BOISE — Affordable housing has been a hot topic in the halls of Boise government, but this week, it cropped up in an unusual location.
On Monday, three diverse players in Boise’s housing ecosystem stood on a the small, dimly lit stage at Pengilly’s Saloon to share the impacts of the Treasure Valley’s affordability problem and how it affects diverse segments of our society, as part of University of Idaho’s McClure Center for Public Policy Research’s Policy Pub series.
Former Boise Independent School District Superintendent Don Coberly, Ada County Commissioner Diana Lachiondo and affordable housing developer Caleb Roope shared insight into how the problem can be addressed and hopes for change.
Rising rents and housing prices have been a major stressor on Boiseans’ wallets in recent years, and the impact of property taxes and rising property values have been a central point of contention in municipal elections all over the region. Lachiondo said this year, the county commissioners heard appeals from property owners looking for a property tax reduction in order to help keep rents affordable for their tenants, but because of the way the laws are structured, they were unable to relieve that pressure.
“There really is no way for counties to enact any kind of policy that would mitigate some of those property taxes for folks who are providing that kind of housing and nor is there property tax abatement for many affordable housing developments in our community,” she said. “That has its roots in state policy, but certainly affecting us at the county level.”
Cost of living that out paces wages doesn’t just affect adults, but their children as well. Coberly said the housing crisis continues to impact the school system by adding more instability for students and preventing them from being prepared to learn, which continues the cycle of poverty.
Coberly said in 1990, only a quarter of students in Boise schools qualified for free or reduced lunch. That number has doubled to half of the student population; some low-income elementary schools, like Koelsch Elementary School on the Boise Bench, have 85% of its students qualifying for food assistance.
There are over 800 homeless students in the school district, with the majority of them residing with other families while displaced, Coberly said. He said the district has a growing Community Schools program, where social services like food pantries are co-located in low-income schools to help keep families stable and help them in times of need. He also lauded the district’s partnership with the city of Boise and nonprofits to create pre-K programs in four schools to help with early literacy.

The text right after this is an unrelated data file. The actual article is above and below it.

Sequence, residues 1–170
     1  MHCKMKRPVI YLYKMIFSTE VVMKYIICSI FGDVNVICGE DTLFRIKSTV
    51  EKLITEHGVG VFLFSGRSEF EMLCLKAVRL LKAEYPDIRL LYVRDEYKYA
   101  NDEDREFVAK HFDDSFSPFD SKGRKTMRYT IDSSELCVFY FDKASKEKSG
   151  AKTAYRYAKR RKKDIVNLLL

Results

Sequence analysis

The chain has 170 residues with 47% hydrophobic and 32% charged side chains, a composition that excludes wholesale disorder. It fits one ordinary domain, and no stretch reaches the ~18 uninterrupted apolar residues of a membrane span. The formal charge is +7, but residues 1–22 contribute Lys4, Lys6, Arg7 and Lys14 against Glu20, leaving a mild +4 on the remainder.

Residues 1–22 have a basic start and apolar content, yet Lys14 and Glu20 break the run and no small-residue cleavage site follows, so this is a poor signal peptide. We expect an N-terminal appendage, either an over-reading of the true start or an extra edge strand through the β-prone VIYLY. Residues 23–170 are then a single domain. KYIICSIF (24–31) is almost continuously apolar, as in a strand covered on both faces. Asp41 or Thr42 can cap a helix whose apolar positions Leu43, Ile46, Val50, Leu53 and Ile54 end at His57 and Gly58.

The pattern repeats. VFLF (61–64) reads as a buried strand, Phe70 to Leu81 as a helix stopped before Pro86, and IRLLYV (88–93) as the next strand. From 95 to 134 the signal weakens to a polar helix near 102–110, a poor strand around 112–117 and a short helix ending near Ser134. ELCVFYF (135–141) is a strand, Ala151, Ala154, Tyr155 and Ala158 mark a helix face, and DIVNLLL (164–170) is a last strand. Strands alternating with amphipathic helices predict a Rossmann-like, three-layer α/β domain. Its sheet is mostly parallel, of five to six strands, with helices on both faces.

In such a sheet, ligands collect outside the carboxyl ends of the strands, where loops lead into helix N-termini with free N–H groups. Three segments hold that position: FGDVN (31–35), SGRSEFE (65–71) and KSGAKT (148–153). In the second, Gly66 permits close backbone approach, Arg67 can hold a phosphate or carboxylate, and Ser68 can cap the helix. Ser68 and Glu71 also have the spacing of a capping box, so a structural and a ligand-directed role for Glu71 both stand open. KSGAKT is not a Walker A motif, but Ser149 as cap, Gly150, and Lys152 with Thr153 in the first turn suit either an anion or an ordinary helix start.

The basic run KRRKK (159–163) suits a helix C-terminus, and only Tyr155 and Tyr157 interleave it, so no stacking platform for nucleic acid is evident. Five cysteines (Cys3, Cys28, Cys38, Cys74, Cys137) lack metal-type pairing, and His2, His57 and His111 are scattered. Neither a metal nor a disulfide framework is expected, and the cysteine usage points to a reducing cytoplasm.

“Fewer than half of the students in Idaho are ready for reading at the beginning of kindergarten,” he said. “We have to start doing something to deal with that.”
As a developer, Roope said he is concerned that lawmakers are uninformed about how their policies are increasing cost of living. He pointed specifically to California, where local governments have enacted lots of environmental regulations on the housing market.
“There’s a total disconnect between the leaders in a community and the choices they make,” Roope said. “… If I could advocate for one thing, (officials would say) we want this street beautification thing here or these certain kinds of landscaping here, but the price of the home or the apartment is that much more.”
Lachiondo pointed to the lack of funding for affordable housing in Idaho from the state and federal government. One of the only tools affordable housing developers can use in Idaho is the Low-Income Housing Tax Credit from the federal government, but it is a very competitive applicant pool and only six projects were able to get funding for the entire state in 2019. Idaho has a housing trust fund, but it does not have any dedicated funds.
“Often I hear folks say why aren’t these developers just producing more afforable housing and it’s because their cost of producing a unit of housing is the same whether it’s market rate or it’s low income,” she said. “You needs layers upon layers upon layers of subsidies to produce housing you can rent out for a low amount of money.”
Lachiondo and Roope agreed that Boise is early enough in its affordability crisis that the problem can be fixed before prices shoot into the stratosphere, like in Seattle and Portland, but the time window to act is closing.
“We have an opportunity,” Roope said. “We haven’t hit that precipice of that point where you can’t get your arms around the problem and get it under control. We have a chance to deal with some of the problems communities in the west have been facing that have crippled the communities and made it why people come here.”